High school seniors: You can finally relax. May 1, the national deadline for seniors to commit to a college, means an end to the stresses of application essays, tests and fear of rejection.
But don't overdo the celebrations. You now face a surprisingly long list of bureaucratic tasks before you actually move to campus in the fall. In order to make sure you have, say, a dorm room, health insurance, and good classes, you’ll need to fill out a lot of forms, and the deadlines start in May and June.
“Students think that college is just going to rain down on them. They think that everything is just going to happen,” says Harlan Cohen, author of The Naked Roommate. But it can take a lot of work over the summer to make your transition to college life successful.
High school and college counselors urge every high school senior to tick off all the relevant boxes in the following checklist:
In May ...
1. Don't goof off. Colleges can and will rescind their admissions offer if you flunk your last semester high school courses, notes Kristina L. Dooley, an independent college counselor in Hudson, Ohio.
2. Celebrate responsibly. Getting busted for—or even just being photographed participating in—underage drinking, drugs, or other mischief could cost you your college acceptance.
3. Follow up on APs. Make sure any AP test scores are sent to your college.
4. Sign in at your new college. Get your online college student ID and password.
5. Learn your privacy rights. Now that you’re 18, you have a right to keep your information private—even from your parents—thanks to a law called the Family Educational Rights and Privacy Act, or FERPA. But you have to decide how much privacy you really want. Do you want all the billing and payment information to go to you? Or do your parents need to be able to access that? You’ll need to fill out a FERPA waiver if you want your parents to be able to access any of your college information.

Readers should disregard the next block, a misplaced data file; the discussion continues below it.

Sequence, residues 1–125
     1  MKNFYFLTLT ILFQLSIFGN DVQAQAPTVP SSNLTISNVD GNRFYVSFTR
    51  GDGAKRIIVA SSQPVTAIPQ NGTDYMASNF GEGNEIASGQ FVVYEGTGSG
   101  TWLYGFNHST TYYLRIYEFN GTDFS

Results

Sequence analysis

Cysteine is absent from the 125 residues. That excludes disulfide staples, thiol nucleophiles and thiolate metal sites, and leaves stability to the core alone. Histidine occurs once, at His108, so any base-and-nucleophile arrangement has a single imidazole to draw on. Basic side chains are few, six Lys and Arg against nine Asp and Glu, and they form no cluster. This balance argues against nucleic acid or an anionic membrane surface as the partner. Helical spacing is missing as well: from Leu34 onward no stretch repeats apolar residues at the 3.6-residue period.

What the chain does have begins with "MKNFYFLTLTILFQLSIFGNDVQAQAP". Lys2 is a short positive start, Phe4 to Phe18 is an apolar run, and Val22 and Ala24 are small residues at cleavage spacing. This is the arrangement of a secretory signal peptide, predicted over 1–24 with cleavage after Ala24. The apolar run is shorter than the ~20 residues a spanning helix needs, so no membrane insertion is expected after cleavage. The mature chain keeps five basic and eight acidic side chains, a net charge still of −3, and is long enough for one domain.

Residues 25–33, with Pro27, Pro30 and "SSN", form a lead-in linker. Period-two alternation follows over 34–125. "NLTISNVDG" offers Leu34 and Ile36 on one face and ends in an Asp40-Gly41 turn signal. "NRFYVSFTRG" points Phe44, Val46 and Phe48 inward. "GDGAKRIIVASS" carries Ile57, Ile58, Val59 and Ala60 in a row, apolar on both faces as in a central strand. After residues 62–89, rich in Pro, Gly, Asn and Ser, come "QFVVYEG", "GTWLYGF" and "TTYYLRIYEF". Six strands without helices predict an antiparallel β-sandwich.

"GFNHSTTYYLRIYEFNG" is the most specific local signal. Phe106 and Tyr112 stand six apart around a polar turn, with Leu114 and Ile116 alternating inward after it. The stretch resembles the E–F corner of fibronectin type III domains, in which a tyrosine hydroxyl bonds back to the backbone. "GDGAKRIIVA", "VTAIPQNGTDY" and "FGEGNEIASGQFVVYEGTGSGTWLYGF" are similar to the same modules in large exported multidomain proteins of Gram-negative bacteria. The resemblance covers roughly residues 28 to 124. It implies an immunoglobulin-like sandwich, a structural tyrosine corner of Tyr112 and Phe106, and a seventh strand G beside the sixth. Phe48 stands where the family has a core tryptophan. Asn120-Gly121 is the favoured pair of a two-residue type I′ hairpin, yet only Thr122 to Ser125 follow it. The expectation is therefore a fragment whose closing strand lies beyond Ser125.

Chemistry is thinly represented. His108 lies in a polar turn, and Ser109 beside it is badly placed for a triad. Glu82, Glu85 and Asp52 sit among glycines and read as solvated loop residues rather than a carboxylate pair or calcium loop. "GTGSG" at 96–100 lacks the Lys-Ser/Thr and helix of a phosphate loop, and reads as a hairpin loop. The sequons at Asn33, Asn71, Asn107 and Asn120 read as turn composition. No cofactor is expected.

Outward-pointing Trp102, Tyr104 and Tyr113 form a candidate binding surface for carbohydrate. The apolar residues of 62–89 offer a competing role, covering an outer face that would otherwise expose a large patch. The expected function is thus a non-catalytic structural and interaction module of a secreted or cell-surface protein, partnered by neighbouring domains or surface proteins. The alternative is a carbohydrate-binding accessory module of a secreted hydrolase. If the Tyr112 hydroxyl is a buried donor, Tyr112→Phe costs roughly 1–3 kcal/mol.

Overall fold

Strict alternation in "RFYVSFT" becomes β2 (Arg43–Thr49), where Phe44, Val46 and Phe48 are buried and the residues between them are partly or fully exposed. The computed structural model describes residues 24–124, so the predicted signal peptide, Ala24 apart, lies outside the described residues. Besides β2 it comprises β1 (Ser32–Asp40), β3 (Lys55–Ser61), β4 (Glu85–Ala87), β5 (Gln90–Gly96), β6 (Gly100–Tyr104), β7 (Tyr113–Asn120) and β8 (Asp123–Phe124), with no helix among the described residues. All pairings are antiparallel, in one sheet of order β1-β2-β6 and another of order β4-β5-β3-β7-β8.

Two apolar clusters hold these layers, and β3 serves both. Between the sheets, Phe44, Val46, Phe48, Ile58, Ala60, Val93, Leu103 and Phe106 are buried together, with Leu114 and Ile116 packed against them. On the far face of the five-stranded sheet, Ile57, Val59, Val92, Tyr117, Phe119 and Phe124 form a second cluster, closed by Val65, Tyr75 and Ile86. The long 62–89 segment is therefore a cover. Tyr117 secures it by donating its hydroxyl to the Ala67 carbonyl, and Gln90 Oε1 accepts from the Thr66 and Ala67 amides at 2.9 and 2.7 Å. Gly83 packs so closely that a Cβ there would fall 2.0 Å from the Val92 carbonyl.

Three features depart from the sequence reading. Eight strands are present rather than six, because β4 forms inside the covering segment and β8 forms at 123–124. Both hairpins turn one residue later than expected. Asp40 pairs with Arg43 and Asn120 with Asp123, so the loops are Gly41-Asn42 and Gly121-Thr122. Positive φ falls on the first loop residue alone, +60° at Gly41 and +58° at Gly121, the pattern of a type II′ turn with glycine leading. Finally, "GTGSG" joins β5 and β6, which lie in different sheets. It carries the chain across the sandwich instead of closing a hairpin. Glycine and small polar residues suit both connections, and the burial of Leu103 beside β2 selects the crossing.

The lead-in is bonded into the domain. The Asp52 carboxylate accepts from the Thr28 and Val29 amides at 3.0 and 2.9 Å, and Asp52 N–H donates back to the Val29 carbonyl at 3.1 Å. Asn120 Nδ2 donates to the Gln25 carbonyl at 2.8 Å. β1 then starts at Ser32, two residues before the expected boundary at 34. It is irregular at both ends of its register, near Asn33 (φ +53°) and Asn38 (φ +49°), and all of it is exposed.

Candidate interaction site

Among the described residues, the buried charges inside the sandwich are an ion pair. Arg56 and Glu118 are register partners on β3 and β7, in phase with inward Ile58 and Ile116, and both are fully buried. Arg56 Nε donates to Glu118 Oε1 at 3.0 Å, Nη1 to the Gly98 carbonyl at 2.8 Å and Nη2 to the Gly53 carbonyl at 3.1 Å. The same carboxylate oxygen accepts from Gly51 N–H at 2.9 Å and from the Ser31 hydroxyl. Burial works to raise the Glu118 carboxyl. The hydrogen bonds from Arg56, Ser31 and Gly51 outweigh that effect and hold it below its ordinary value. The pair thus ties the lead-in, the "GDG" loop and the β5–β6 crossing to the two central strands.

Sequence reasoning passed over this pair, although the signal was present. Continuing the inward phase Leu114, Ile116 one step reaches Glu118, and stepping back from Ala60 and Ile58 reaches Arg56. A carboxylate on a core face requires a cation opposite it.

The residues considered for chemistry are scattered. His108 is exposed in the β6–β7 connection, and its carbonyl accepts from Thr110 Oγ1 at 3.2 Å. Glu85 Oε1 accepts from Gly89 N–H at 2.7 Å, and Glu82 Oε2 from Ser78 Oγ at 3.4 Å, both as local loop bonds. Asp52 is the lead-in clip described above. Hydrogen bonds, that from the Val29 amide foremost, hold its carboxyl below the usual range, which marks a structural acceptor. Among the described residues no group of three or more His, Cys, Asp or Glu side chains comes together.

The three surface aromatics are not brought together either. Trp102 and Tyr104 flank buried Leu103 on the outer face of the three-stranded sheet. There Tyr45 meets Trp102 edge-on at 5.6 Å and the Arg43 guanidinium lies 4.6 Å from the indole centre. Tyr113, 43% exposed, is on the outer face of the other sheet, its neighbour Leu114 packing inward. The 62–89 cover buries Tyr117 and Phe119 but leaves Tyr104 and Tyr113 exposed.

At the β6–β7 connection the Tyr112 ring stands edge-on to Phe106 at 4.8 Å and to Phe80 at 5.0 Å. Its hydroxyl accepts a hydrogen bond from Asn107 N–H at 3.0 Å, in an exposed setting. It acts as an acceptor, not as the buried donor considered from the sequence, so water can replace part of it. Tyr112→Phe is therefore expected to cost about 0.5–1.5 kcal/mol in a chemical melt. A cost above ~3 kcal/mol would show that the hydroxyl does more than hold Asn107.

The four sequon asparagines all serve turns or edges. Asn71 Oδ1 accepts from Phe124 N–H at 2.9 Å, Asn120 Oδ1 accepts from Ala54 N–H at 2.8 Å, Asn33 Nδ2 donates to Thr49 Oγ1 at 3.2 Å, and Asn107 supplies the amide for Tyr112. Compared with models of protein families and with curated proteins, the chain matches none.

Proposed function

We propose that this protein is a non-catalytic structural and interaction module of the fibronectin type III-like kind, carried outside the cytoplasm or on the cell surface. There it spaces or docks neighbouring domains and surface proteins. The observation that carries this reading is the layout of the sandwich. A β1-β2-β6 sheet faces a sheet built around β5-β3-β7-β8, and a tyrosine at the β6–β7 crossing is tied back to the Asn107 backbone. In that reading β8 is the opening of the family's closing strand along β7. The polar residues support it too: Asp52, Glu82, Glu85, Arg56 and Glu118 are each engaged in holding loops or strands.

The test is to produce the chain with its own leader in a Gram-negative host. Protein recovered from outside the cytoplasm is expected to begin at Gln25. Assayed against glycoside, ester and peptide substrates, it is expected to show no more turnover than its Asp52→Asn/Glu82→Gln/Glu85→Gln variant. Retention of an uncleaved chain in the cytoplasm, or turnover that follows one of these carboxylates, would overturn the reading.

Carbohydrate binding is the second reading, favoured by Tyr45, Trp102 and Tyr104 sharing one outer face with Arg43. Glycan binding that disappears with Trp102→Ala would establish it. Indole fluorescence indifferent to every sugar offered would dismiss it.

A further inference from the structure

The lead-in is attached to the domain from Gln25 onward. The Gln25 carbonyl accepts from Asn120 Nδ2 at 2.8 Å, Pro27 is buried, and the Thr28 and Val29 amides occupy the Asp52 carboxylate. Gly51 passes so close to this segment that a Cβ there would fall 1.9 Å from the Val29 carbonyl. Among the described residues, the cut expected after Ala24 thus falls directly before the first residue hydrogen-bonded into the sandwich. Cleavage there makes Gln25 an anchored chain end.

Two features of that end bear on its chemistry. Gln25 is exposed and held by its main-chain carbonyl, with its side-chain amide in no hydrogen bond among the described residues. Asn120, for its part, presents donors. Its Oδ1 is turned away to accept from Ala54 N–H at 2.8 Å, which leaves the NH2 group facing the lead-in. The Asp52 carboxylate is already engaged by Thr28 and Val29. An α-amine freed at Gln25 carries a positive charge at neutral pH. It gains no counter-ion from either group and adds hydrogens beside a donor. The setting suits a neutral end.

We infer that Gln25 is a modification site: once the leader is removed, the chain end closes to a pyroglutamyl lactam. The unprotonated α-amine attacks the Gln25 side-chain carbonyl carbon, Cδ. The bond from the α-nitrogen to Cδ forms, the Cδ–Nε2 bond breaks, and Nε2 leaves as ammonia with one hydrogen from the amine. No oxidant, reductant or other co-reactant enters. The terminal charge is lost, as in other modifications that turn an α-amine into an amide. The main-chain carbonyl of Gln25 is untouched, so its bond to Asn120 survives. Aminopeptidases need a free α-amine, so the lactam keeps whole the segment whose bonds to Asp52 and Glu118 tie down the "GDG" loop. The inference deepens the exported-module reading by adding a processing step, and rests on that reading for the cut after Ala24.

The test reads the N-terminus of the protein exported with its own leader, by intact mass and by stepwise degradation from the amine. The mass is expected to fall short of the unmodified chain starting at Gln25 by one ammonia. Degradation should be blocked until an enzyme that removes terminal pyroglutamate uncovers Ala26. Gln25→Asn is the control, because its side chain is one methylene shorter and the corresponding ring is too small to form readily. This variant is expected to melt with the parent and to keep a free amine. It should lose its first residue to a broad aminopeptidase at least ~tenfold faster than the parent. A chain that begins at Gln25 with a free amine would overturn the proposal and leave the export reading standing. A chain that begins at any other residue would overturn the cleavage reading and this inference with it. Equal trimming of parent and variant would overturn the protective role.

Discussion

6. Check your email. Email may not be your preferred mode of communication, but colleges use emails to relay important information like upcoming deadlines. So start checking your new college email address several times a week, advises Patrick O’Connor, associate dean of college counseling at Cranbrook Kingswood Upper School in Bloomfield Hills, Mich.
7. Figure out your housing. To increase your odds of getting a compatible roomie, fill out any roommate survey you’re offered. Choose a dorm contract, and send a deposit to make sure you have reserved a room.
8. Finalize your financial aid. Some schools require you to send in a form showing which grants and loans you are accepting. Also make sure you know the exact renewal terms for any “merit” aid. Some grants may require you to major in certain subjects or maintain a certain grade point average, explains Danielle da Silva, director of college counseling at Beaver Country Day School in Newton, Mass.
9. Ask about placement tests. Find out if your school requires you to take any placement tests. Many schools require them for English and math, for example. Make sure to register. Take time to study for them as well, so that you can place out of remedial or low-level courses unless you really need them.
10. Sign up for orientation. Plan to attend as many orientation events as you can. This is your chance to prep for your college experience. The more people you meet now, the more comfortable you’ll be on campus in the fall, Cohen says.
11. Make your travel arrangements. If you’re traveling far to college, you’ll need to figure out how you’ll be getting there and whether you’ll need a hotel room the night before move-in day, etc. The sooner you make your reservations, the cheaper they'll usually be.
12. Line up a campus job. Call the college and ask what you need to do to apply for an on-campus part-time job.
13. Write your thank-yous. Want to be really classy? Send handwritten thank-you notes to everybody who helped you get into college, such as the teachers who wrote you recommendations.
In June ...
14. Arrange for your transcript. Make arrangements to send your final high school transcript to your college.